Paul has gone to great lengths to prove the security of salvation, concluding that nothing at all can separate us from the love of God in Christ. No one can lay anything to our charge. God has justified us; Christ has died for us and rose to make intercession for us. If God is for us, who can be against us?
Yet, you conclude (without evidence from the text, mind you) that Paul’s whole treatise on our eternal security can be voided by the will of the individual who may choose to sin beyond God’s reach or recovery. That’s very poor exegesis. In fact, it is not exegesis at all. It is groundless opinion.
And, you make a great effort to separate the concepts of God’s love from salvation. But, Paul concluded that God’s eternal, unchanging love is the motivation behind His eternal, unchanging redemption. So again, the fact that the word “salvation” does not appear in verses 35-39 does not change the subject of this entire passage, which indeed is salvation.
Q – The Bible cannot be explained through just one verse, and God is not an Autocrat which forces everyone who believes in Him into Heaven (the Devil believes and is frightened as well – but he is not saved (Jacob 2:19)).
Jim – We will assume that you are referring to James 2:19, not Jacob.
This is a classic use of pejorative language. It has emotional appeal, but fails to prove anything. God may not be an “autocrat,” however you choose to define that word. But, He does claim to be the Sovereign, the Potentate, the King, the Almighty, the all-knowing, the all-present, and the One who decrees all things after the pleasure of His own will. The only God you will discover in the pages of Scripture describes Himself exactly that way.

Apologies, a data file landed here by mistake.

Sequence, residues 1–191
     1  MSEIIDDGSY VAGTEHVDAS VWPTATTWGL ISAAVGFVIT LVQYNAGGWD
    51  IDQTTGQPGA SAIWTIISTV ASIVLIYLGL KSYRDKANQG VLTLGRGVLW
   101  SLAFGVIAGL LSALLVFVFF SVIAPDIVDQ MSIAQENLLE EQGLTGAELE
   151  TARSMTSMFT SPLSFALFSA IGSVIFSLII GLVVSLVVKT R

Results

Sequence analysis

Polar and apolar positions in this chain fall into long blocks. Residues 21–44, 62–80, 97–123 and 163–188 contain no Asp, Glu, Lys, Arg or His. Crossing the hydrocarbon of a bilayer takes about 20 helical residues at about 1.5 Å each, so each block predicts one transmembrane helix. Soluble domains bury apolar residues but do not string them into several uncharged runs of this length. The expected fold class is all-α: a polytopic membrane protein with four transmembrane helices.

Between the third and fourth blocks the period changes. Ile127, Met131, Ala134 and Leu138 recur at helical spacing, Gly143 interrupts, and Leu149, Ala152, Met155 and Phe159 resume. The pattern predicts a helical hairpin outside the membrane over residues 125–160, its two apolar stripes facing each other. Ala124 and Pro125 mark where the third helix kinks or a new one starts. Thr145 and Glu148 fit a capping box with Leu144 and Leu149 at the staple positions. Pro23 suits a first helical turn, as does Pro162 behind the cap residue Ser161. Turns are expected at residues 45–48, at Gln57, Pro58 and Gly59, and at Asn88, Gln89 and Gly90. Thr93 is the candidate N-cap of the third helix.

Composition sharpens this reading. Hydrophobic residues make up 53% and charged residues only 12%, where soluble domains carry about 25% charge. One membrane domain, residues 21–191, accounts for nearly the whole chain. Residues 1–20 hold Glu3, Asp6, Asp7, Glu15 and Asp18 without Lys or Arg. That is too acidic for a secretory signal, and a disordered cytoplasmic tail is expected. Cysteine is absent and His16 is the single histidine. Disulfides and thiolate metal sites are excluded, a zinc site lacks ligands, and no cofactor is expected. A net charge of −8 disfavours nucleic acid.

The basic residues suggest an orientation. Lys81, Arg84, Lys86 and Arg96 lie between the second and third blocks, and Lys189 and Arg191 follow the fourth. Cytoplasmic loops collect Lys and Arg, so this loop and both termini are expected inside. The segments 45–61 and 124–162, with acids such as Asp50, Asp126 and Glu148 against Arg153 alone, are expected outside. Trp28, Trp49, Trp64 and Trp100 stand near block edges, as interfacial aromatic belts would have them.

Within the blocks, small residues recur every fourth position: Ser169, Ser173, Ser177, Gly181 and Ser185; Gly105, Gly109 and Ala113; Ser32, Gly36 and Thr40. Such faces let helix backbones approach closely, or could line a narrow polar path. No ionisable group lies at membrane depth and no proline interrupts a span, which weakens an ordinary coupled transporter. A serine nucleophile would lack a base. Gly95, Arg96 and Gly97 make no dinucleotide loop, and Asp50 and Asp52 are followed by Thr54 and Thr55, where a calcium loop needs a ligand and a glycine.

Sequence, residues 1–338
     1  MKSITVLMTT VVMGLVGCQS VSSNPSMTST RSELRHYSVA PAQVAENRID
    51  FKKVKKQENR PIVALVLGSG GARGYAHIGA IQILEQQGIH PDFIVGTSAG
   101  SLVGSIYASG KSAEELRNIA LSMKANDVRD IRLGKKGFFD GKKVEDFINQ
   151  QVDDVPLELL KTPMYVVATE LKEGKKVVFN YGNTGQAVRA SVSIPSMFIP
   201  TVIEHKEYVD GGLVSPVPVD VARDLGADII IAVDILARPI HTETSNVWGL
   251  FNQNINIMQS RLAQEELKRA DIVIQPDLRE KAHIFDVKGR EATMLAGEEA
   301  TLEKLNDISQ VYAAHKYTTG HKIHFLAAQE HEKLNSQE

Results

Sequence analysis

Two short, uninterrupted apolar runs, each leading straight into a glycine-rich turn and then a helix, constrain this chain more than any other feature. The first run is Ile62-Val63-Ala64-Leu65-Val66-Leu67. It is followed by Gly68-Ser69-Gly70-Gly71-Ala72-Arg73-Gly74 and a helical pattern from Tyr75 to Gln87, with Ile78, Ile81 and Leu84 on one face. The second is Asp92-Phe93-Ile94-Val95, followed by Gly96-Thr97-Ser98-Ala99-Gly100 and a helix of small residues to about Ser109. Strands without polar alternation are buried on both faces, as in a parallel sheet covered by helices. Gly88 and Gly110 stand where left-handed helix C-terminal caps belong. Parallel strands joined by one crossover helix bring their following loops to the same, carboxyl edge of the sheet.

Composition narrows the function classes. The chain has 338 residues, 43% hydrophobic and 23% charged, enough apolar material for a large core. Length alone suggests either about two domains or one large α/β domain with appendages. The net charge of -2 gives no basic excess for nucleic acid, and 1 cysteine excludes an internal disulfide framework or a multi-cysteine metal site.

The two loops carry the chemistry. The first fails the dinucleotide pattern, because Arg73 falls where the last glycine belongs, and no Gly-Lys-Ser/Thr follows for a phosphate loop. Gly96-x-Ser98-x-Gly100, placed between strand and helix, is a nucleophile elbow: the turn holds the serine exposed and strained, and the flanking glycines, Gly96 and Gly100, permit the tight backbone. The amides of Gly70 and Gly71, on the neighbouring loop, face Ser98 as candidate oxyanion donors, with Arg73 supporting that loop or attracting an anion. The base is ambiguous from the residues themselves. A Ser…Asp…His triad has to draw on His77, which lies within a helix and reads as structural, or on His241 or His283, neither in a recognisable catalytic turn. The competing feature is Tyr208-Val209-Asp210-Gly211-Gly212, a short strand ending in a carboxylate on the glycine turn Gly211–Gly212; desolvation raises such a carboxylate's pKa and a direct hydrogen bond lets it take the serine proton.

As for God forcing believers into Heaven. That’s simply misguided thinking. God regenerates dead sinners, calls them to Himself and inhabits them, changing their stony hearts and making them both capable and willing to serve Him. People do not arrive in Heaven because of their willfulness. They arrive in Heaven in accordance with His will. He does not force them; He draws them. And, they come willingly. In the day of God’s power, His people are willing (Psalm 110:3).
It is absolutely true that the Bible cannot be explained via any single verse. I am a great advocate of context. However, in a few moments you will appeal to a string of out-of-context single verses that you will claim as proof of your position. And, we will find that not a one of them states your premise.